Complete Streets backers work to leverage half a loaf
Complete Streets legislation, enacted as Nevada law in concept but lacking crucial administrative funds, remains a priority for supporters.
Two leaders for Muscle Powered of Carson City said the law was watered down because of a lack of funds so the Department of Motor Vehicles could proceed, but they were glad AB145 is becoming law. It allows groundwork to be laid for a push to make streets safe and accessible for bicycles, walkers and public transit.
Anne Macquarie, founder of Muscle Powered, couldn’t conceal her disappointment despite getting part of the program passed.
“It really leaves it up in the air,” said Macquarie, though she hastened to add there is value in getting a statute on the Silver State books that recognizes the concept makes sense.
The hang-up, she said, is the lack of funding to make computer changes allowing motor vehicle officials to administer the plan to allow for a voluntary checkoff donation that would go to local jurisdictions. The money would finance complete streets projects. Federal transportation-alternatives match money is available to leverage local funds.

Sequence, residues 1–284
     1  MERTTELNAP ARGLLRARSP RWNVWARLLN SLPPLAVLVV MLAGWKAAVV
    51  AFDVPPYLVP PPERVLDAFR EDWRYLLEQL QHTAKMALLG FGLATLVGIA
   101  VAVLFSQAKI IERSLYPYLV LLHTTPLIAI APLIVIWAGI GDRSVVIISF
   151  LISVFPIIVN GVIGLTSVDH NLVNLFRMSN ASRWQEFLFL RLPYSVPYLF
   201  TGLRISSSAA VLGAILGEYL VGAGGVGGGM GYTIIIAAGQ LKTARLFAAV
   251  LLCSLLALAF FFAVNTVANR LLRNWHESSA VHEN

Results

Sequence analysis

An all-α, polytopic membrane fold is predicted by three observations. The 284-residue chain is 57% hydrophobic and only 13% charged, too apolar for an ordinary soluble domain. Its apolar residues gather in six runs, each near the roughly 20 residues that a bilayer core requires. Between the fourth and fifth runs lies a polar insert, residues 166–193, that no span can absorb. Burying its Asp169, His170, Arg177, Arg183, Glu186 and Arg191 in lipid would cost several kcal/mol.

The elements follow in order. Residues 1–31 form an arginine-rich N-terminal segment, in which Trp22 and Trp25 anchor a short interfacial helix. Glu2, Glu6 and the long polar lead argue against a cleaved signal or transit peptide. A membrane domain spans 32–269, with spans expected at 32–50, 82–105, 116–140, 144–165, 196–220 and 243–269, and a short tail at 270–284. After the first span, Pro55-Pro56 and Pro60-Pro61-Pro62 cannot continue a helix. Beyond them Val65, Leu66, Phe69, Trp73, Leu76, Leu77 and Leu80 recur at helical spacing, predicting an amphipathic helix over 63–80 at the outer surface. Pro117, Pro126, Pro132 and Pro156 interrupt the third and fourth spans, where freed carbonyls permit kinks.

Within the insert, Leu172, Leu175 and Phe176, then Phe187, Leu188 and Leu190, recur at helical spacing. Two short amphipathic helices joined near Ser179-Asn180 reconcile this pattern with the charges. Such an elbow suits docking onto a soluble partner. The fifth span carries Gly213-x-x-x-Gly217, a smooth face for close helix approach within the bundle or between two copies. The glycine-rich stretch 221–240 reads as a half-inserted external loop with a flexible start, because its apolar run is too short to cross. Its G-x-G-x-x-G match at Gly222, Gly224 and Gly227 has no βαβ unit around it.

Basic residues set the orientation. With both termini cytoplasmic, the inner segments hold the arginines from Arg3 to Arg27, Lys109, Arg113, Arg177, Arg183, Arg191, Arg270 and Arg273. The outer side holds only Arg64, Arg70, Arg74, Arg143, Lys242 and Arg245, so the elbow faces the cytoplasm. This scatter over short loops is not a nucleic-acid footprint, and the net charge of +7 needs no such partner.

The bill as introduced called for a $2 optional donation on vehicle registrations.
“I thought (AB145) was too watered-down because it puts the actual implementation of ‘Complete Streets’ off,” Macquarie said. Consequently, she added, her group and others in a statewide coalition backing the initiative will push for the program’s computerization financing in the next session.
Macquarie, whose earlier accomplishments through Muscle Powered included a multi-use path in Nevada Department of Transportation plans for Carson City’s freeway bypass, is a walker and bicyclist advocating complete streets. She said she does so because they aren’t biased toward autos and trucks, making public transit and non-motorized alternatives safe and easy.
Donna Inversin, Muscle Powered president, agreed with Macquarie that AB145 “was kind of watered down” but acknowledged passage as a partial victory.
She referred questions about the legislative push for complete streets to Macquarie, talking instead of local efforts by the organization to focus attention on the city’s trails and cycling movement.
Inversin said Muscle Powered intends to hold a bicycle “show ’n’ shine” event this summer in conjunction with a Saturday farmers market downtown to promote cycling. Her remarks keyed off last weekend’s vehicular equivalent, the “show ’n’ shine” facet of the Legends of the West event downtown.
That event featured both car-truck and motorcycle “show ’n’ shine” options for the curious.